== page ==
You’ll all be happy to know that the same crap-ass vagrant that was staggering around the Christmas tree farm posing as Santa last year was there again this year.
EM and Boy were still too chicken to knock on the door of his little shack, so naturally they sent Missy. She marched right to the front of the queue (which, to be fair, was little more that a loosely assembled group of 2 or 3 other families with parents trying to coax their equally timid children into knocking on the door) and demanded an immediate audience, which she was granted forthwith. Her newly emboldened siblings climbed shamelessly onto her coattails, and followed her in, as did her dorky parents.
So there we stand—the entire family—in a dimly lit, dusty hovel, before a shaggy bum of questionable sobriety who, in turn, is seated behind a wobbly, makeshift desk. Christmas in Norway folks. Ain’t it a gas! Our host wastes no time in fixing his rheumy eyes on Missy—my precious baby angel—and asks, “Well now. And what might your name be?”
Suddenly shy, Missy bows her head and mumbles, “Mithy.”
“Eh! What’s that now?” His gaze darts from me, back to Missy, then over to EM, “Whudd’ she say?” he barks thickly.
“Missy. She’s Missy,” EM answers. Like DUH-UH.
“Missy. Riiiight.” He picks up his greasy quill and carefully writes her name in the large ledger lying open in front of him. M-I-S-S-Y. “And where does Missy live then?” He directs this question at EM whose shyness apparently only applies to knocking on doors; grizzly old geezers she’s all bright shiny sunshine for.
EM doesn’t miss a beat as she mechanically recites the address that she’s only recently memorized. My grip tightens a little over Missy’s hand as I watch this shoddy, second-rate Santa write our address next to her name, and I wonder, “Um, is this such a good idea?” Too late.
EM has even kindly corrected him where he’s written a 3 where there should have been a 4 for our house number. Then he asks, “How old is Missy?”
“Very good,” he mutters, as he scrawls a 3 in the age column, “Now,” turning back to Little Miss, “What would Missy like for Christmas?”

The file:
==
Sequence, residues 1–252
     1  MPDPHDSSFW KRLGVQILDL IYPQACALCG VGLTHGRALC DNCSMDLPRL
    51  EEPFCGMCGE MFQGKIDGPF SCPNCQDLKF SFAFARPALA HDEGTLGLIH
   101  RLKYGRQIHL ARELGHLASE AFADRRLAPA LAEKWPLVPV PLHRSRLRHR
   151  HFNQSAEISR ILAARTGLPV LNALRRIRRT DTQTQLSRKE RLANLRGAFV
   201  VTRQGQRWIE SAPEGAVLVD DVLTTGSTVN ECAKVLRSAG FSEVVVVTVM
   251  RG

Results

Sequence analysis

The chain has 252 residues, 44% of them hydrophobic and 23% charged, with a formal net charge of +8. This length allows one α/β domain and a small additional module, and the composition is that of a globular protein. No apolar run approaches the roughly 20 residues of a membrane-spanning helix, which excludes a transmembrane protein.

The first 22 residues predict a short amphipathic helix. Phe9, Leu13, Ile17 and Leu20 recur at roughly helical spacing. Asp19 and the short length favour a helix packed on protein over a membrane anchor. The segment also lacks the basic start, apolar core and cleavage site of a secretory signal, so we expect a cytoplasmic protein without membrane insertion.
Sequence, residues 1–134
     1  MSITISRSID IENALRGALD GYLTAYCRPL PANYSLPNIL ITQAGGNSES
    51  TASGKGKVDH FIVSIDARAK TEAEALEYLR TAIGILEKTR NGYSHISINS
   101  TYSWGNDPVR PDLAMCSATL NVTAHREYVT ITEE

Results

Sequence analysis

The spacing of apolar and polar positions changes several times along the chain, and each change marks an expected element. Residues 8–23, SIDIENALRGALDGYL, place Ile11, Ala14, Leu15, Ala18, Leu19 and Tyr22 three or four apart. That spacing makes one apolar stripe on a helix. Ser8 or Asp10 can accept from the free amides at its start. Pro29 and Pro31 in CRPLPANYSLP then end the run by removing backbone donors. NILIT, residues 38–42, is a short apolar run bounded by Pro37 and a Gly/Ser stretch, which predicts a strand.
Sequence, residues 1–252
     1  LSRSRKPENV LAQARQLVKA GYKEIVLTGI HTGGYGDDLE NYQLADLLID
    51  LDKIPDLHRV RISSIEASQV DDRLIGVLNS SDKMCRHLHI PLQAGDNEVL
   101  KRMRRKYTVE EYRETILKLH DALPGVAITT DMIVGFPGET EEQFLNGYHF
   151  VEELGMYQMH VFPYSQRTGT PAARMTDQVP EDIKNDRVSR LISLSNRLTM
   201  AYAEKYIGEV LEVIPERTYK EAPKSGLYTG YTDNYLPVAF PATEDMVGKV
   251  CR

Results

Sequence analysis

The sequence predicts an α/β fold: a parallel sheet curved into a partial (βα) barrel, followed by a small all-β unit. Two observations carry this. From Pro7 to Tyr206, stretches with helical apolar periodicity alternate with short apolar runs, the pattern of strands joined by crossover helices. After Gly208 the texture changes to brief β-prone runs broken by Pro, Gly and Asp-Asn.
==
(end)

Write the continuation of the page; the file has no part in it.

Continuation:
Silence. Apparently, not even EM has the answer to this one. The silence drags on as we all look at each other and shrug. Boy pokes Missy in the cheek. Missy sticks two fingers in her mouth.
“Humph,” grumbles the old man, “How ‘bout I just surprise you then?” he says, and writes the word ‘present’ in the last column. “Best to put a little reminder here see. Just so I know you’ve been good. Heh heh heh. Right. Next?” He shifts his attention over to Boy, “And what’s your name?”
“You live with your sister?”
“And how old are you this year?”
Santa’s hand trembles a little as he writes the 5, and I think if he asks if he’d like to sit on his lap we’ll just run. I’ll grab the book, and we’ll just run.
“So then. Do you know what you’d like for Christmas?”
Boy thinks for a minute, steals a quick glance at his dad for a bit of encouragement I suppose, then says quietly, but clearly, “An X-Wing Fighter.”
“I’m sorry?” Santa leans forward, “What was that?”
“An X-Wing Fighter,” Boy says again, louder this time.
Santa looks up at Mister with a blank, Dude help-me-out-here kind of look.
“X. Wing. Fighter.” Mister says slowly, “It’s from Star Wars.”
“Star Wars. Riiiiight.” He mutters something droll about santas needing to take an English course to do the job these days while he’s doing his best to spell ‘fighter’ in his ledger. From where I stand, it looks something more like ‘feiter’, but I let it go.
“And finally we come to big sister,” says Santa, sitting up straight again, confident that the articulate, intelligent young lady who’d just been so helpful with that address business wouldn’t have anymore surprises for him, “What’s this pretty lady’s name?”
She spells it for him, then adds helpfully, “I’m 7 years old.”
“Of course you are. A very big girl, indeed. Ho ho hoooo!”
And again I’m thinking: grab the book, run, grab the book, run, grab the book, run….
“Do you know what you’d like for Christmas?” he asks with what I think is meant to be a jolly wink and a grin, but succeeds in being little more than a drunken leer.
EM takes a deep breath, then lets it rip, “ALittlestPetShopRoundAndRoundPetTownPlaySet,”
Santa grunts, “Eh?”
EM takes another deep breath, “ALittlestPetShopRoundAndRoundPetTownPlaySet,” then, ever helpful and eager to please, she adds, “Like on TV.”
Santa looks to Mister and I for help, but we can’t stop laughing.
“Say it again EM. Say it again!”
So she does, “LittlestPetShopRoundAndRoundPetTownPlaySet.”
And we laugh again. Harder this time.
I don’t know what he eventually wrote in his book. He might have settled on just “pet shop”, but I’m not sure. Doesn’t really matter, as I later explained to the kids. Clearly that skinny, rumpled degenerate was not Santa. He was just one of Santa’s many Norwegian helpers come to make sure there aren’t any last minute changes to be made to the master list. And a good thing too. As I know for a fact that Santa had indeed set aside one brand spanking new LittlestPetShopRoundAndRoundPetTownPlaySet with our address on it. Only trouble is, he had put Missy’s name on it. Elder Miss was only supposed to get the pretty pink Nintendo DS.
What to do? What to do?
Santa went shopping again. And Elder Miss is, without question, the most spoiled child on the entire planet. But clearly with good reason.